To increase the toner particle charge and, accordingly, increase the mobility and transfer latitude of the toner particles, charge adjuvants can be added to the toner particles. For example, adjuvants, such as metallic soaps, like aluminum or magnesium stearate or octoate, fine particle size oxides, such as oxides of silica, alumina, titania, and the like, paratoluene sulfonic acid, and polyphosphoric acid, may be added. Negative charge adjuvants increase the negative charge of the toner particle, that is they can serve to decrease the positive charge, while the positive charge adjuvants increase the positive charge of the toner particles. With the invention of the present application, the adjuvants or charge additive can be comprised of copolymers of an alkene and unsaturated acid derivatives, such as acrylic acid and methacrylic acid derivatives, containing pendant ammonium copolymers of ethylene and methacrylic acid esters with the ester groups having pendant ammonium groups such as a copolymer of ethylene and N,N,N-trimethylammonium-2-ethylmethacrylate bromide, a copolymer of ethylene and N,N,N-trimethylammonium-2-ethylmethacrylate tosylate, a copolymer of ethylene and N,N-dimethylammonium-2-ethylmethacrylate hydrogen tosylate, a copolymer of ethylene and N,N-dimethylammonium-2-ethylmethacrylate hydrogen bromide, a copolymer of ethylene and N,N-dimethylammonium-2-ethylmethacrylate hydrogen dinonylnaphthalenesulfonate, and the like. The charge adjuvants can be added to the liquid toner particles in an amount of from about 1 percent to about 100 percent of the total developer solids of toner resin, pigment, and charge adjuvant, and preferably from about 10 percent to about 50 percent of the total weight of solids contained in the developer.

The liquid electrostatic developer of the present invention can be prepared by a variety of known processes, such as, for example, mixing in a nonpolar liquid with the thermoplastic resin, charge adjuvant, and colorant in a manner that the resulting mixture contains, for example, from about 15 to about 30 percent by weight of solids; heating the mixture to a temperature of from about 70° C. to about 130° C. until a uniform dispersion is formed; adding an additional amount of nonpolar liquid sufficient to decrease the total solids concentration of the developer, for example, from to about 10 to about 20 percent by weight; cooling the dispersion to about 10° C. to about 50° C.; adding the charge director mixture to the dispersion; and diluting the dispersion to 1 percent to 2 percent solids.

In the initial mixture, the resin, colorant and charge adjuvant may be added separately to an appropriate vessel which can vary in size from about 50 milliliters to about 1,000 liters such as, for example, an attritor, heated ball mill, heated vibratory mill, such as a Sweco Mill (manufactured by Sweco Company, Los Angeles, Calif.) equipped with particulate media for dispersing and grinding, a Ross double planetary mixer (manufactured by Charles Ross and Son, Hauppauge, N.Y.), or a two roll heated mill, which requires no particulate media. Useful particulate media include materials like a spherical cylinder selected from the group consisting of stainless steel, carbon steel, alumina, ceramic, zirconia, silica and sillimanite. Carbon steel particulate media are particularly useful when colorants other than black are used. A typical diameter range for the particulate media is in the range of from about 0.04 to about 0.5 inch (approximately 1.0 to approximately 13 millimeters).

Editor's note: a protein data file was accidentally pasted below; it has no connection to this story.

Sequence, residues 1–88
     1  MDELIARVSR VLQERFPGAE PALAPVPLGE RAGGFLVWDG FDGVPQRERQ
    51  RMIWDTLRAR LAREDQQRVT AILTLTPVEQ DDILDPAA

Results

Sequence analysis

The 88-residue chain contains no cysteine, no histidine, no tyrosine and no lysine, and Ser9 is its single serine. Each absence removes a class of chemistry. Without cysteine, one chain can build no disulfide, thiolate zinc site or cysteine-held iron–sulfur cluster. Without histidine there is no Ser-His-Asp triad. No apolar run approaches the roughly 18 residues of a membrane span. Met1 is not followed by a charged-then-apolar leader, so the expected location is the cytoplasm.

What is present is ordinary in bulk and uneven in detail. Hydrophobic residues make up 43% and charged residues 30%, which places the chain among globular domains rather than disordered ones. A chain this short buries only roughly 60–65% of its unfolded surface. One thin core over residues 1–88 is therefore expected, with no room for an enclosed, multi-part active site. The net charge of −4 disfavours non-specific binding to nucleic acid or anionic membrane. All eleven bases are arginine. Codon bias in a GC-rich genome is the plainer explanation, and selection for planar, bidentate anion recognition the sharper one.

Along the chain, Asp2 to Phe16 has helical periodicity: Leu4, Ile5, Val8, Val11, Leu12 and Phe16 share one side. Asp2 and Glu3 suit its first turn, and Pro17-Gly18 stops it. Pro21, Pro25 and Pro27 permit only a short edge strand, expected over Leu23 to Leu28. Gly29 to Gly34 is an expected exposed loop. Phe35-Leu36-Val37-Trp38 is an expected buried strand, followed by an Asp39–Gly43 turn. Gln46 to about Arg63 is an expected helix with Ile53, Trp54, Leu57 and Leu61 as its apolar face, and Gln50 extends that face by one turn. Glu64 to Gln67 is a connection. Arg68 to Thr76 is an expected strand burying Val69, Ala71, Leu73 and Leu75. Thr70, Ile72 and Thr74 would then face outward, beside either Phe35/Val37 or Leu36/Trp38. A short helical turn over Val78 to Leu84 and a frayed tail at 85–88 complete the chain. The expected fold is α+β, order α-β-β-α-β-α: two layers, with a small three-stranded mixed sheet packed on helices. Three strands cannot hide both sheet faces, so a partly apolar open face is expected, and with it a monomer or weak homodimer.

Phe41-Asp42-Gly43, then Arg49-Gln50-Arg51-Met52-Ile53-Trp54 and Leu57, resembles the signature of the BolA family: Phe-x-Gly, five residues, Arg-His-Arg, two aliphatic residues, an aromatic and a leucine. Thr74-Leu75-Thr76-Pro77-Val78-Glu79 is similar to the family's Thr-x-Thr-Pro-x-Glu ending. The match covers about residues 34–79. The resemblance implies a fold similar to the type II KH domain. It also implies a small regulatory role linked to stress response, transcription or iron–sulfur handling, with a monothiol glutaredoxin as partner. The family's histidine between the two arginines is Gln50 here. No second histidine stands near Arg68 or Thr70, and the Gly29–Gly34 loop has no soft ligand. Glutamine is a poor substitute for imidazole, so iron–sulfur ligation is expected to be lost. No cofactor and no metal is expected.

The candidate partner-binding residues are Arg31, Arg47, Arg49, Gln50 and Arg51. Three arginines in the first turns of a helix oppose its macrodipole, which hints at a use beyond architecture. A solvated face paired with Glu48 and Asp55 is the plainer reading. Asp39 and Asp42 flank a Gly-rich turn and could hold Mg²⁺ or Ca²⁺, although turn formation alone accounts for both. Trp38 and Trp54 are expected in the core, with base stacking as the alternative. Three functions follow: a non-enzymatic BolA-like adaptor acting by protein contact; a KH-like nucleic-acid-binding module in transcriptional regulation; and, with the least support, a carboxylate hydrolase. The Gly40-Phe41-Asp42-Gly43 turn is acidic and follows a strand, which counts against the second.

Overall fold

Sufficient nonpolar liquid is added to provide in embodiments a dispersion of from about 15 to about 50 percent solids. This mixture is then subjected to elevated temperatures during the initial mixing procedure to plasticize and soften the resin. The mixture is sufficiently heated to provide a uniform dispersion of all the solid materials of, for example, colorant, adjuvant and resin. However, the temperature at which this step is undertaken should not be so high as to degrade the nonpolar liquid or decompose the resin or colorant when present. Accordingly, the mixture in embodiments is heated to a temperature of from about 70° C. to about 130° C., and preferably from about 75° C. to about 110° C. The mixture may be ground in a heated ball mill or heated attritor at this temperature for about 15 minutes to 5 hours, and preferably about 60 to about 180 minutes.

After grinding at the above temperatures, an additional amount of nonpolar liquid may be added to the dispersion. The amount of nonpolar liquid to be added at this point should be an amount sufficient to decrease the total solids concentration of the dispersion to about 10 to about 20 percent by weight.

The dispersion is then cooled to about 10° C. to about 50° C., and preferably to about 15° C. to about 30° C., while mixing is continued until the resin admixture solidifies or hardens. Upon cooling, the resin admixture precipitates out of the dispersant liquid. Cooling is accomplished by methods such as the use of a cooling fluid like water, or glycols, such as ethylene glycol, in a jacket surrounding the mixing vessel. Cooling is accomplished, for example, in the same vessel, such as an attritor, while simultaneously grinding with particulate media to prevent the formation of a gel or solid mass; without stirring to form a gel or solid mass, followed by shredding the gel or solid mass and grinding by means of particulate media; or with stirring to form a viscous mixture and grinding by means of particulate media. The resin precipitate is cold ground for about 1 to 36 hours, and preferably from about 2 to about 6 hours. Additional liquid may be added at any time during the preparation of the liquid developer to facilitate grinding or to dilute the developer to the appropriate percent solids needed for developing. Other processes of preparation and liquid developers thereof are generally illustrated in U.S. Pat. Nos. 4,760,009; 5,017,451; 4,923,778 and 4,783,389, the disclosures of which are totally incorporated herein by reference.